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Publication numberUS7635110 B2
Publication typeGrant
Application numberUS 11/897,055
Publication dateDec 22, 2009
Filing dateAug 28, 2007
Priority dateAug 29, 2006
Fee statusPaid
Also published asUS20080054135
Publication number11897055, 897055, US 7635110 B2, US 7635110B2, US-B2-7635110, US7635110 B2, US7635110B2
InventorsMarc D. Galasso, Phillip Lombardo, Richard Arthur
Original AssigneeWiremold, Co.
Export CitationBiBTeX, EndNote, RefMan
External Links: USPTO, USPTO Assignment, Espacenet
Retention and mounting bracket for recessed electrical outlet box
US 7635110 B2
Abstract
A bracket system for retaining an outlet box in a hole in a floor. The bracket system includes an insert body configured to be positioned in the hole in the floor, a cover configured to cover the insert body, and at least first and second brackets. Each bracket includes a base plate configured to be mounted in the insert body. The base plate includes at least one leg extending therefrom and at least one barb extending therefrom. The insert body includes holes in an exterior wall thereof through which the barbs of the first and second brackets extend to resistably engage the wall of the hole to retain the insert body in the hole and the legs of the first and second brackets are secured to the cover.
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Claims(23)
1. A bracket system for retaining an outlet box in a hole in a floor, comprising:
an insert body configured to be positioned in the hole in the floor;
a cover configured to cover said insert body; and
at least first and second brackets, each of said first and second bracket including a base plate configured to be mounted in said insert body, said base plate including at least one leg extending therefrom and at least one barb extending therefrom, wherein said insert body includes holes in an exterior wall thereof through which said barbs of said first and second brackets extend to resistably engage the wall of the hole to retain said insert body in said hole and said legs of said first and second brackets are secured to said cover.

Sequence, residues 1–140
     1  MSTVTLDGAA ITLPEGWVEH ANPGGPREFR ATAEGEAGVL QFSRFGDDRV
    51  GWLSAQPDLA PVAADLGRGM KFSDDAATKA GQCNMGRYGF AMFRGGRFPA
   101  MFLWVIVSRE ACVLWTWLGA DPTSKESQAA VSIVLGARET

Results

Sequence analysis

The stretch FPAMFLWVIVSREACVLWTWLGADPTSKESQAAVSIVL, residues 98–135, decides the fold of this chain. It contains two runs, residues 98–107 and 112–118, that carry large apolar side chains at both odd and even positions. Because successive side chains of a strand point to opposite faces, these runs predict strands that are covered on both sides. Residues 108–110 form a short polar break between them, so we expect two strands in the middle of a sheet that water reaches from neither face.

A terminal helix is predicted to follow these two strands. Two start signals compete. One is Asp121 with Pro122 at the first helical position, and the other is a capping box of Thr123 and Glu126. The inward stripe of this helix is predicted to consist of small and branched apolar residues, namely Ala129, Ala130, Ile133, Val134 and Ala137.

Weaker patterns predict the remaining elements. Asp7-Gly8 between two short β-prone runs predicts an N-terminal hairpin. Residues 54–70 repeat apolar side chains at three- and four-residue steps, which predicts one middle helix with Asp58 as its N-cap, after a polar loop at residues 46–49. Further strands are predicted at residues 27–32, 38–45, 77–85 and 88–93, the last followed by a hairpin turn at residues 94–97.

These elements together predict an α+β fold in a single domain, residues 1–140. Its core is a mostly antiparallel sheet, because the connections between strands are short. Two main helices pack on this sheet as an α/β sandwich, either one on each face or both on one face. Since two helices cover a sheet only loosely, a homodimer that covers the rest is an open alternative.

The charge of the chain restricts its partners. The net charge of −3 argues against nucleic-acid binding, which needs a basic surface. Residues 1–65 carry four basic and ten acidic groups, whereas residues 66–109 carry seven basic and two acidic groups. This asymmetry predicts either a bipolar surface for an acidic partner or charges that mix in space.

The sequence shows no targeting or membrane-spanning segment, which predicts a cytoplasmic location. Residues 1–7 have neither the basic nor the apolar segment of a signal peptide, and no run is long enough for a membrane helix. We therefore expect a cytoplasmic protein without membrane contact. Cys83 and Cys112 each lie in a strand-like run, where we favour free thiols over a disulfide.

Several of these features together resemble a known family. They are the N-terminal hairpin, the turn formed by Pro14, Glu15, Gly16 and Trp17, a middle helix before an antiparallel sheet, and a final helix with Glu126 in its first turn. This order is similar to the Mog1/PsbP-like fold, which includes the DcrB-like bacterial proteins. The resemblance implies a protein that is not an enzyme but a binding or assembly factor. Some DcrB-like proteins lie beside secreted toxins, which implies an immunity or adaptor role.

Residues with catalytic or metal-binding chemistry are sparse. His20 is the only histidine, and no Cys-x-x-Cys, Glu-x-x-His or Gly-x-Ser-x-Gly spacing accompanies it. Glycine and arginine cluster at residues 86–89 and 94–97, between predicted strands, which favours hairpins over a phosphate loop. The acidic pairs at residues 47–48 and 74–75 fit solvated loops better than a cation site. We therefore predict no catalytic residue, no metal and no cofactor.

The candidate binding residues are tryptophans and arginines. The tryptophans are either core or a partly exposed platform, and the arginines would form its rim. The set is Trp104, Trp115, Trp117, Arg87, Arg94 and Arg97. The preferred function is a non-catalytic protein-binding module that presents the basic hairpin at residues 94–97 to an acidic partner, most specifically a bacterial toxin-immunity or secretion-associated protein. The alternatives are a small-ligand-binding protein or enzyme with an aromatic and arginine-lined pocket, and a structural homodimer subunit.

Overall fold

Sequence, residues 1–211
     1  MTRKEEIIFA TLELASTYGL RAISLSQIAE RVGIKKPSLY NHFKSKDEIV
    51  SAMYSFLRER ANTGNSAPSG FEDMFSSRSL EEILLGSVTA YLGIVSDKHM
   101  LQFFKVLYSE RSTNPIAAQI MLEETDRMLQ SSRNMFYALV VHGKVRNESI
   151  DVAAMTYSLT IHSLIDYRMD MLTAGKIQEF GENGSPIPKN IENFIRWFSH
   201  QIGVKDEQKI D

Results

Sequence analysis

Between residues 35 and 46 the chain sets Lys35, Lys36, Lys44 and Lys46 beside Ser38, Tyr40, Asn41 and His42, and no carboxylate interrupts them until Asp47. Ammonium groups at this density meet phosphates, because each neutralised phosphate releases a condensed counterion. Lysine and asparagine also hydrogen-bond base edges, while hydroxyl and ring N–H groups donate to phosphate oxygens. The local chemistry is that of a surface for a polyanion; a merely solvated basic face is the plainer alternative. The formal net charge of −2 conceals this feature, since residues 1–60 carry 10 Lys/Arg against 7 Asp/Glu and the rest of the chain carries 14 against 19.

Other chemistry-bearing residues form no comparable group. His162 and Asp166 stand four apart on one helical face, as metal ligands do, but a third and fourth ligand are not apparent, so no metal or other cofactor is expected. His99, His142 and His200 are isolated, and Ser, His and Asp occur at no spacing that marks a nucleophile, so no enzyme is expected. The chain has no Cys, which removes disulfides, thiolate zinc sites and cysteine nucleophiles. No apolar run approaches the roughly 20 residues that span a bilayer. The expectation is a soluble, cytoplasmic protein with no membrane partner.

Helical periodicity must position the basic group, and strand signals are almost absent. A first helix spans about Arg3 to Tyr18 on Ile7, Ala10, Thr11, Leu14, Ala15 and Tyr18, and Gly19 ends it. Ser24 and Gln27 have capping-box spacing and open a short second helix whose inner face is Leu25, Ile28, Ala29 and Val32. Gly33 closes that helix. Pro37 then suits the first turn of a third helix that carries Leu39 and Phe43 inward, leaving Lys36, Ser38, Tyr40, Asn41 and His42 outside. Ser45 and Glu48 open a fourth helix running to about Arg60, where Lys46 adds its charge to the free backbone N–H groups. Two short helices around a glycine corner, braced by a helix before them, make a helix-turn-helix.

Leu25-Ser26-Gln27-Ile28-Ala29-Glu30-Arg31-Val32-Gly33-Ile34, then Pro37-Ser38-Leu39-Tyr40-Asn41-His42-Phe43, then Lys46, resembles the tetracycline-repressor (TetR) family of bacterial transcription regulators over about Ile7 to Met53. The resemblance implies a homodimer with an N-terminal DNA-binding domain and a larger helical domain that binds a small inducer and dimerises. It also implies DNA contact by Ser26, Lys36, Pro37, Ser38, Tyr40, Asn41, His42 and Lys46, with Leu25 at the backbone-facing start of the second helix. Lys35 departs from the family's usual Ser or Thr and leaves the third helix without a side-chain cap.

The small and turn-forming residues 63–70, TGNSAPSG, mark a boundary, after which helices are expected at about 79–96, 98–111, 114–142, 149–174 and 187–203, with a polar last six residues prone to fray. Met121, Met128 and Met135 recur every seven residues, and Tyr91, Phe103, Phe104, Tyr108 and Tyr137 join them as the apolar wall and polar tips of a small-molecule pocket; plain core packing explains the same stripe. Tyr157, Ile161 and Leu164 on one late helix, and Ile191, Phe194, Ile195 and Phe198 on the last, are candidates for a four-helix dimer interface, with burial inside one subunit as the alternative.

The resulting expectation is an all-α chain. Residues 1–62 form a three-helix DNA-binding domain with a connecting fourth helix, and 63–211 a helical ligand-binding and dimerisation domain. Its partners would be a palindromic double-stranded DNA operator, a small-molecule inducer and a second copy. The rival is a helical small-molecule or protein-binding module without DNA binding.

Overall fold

2. The bracket system of claim 1, wherein at least one of said first and second brackets is configured to retain at least one receptacle.
3. The bracket system of claim 1, wherein said system includes at least a third bracket.
4. The bracket system of claim 1, wherein one of said first and second brackets is configured to be replaceably removed from said insert body such that said barb of said removable bracket does not engage the wall of the hole and said insert body is removable from the hole.
5. The bracket system of claim 1, wherein said legs of said first and second brackets are received along an upper rim of said insert body.
6. The bracket system of claim 1, wherein said base plate is generally semi-circular in shape.
7. The bracket system of claim 1, wherein said base plate has at least one hole for receiving and retaining a receptacle.
8. The bracket system of claim 1, wherein said leg includes a tab and said insert body includes an upper rim having a gap that receives said tab and said tab is secured to said cover.
9. The bracket system of claim 1, wherein said insert body is an intumescent insert.
10. The bracket system of claim 1, wherein said base plate includes a set of two legs with each leg having a tab that is configured to be secured to said cover and two sets of barbs that are configured to extend through said holes in said insert body to engage the wall of the hole.
11. A bracket system for retaining an outlet box in a hole in a floor, comprising:
an insert body configured to be positioned in the hole in the floor;
a cover configured to cover said insert body; and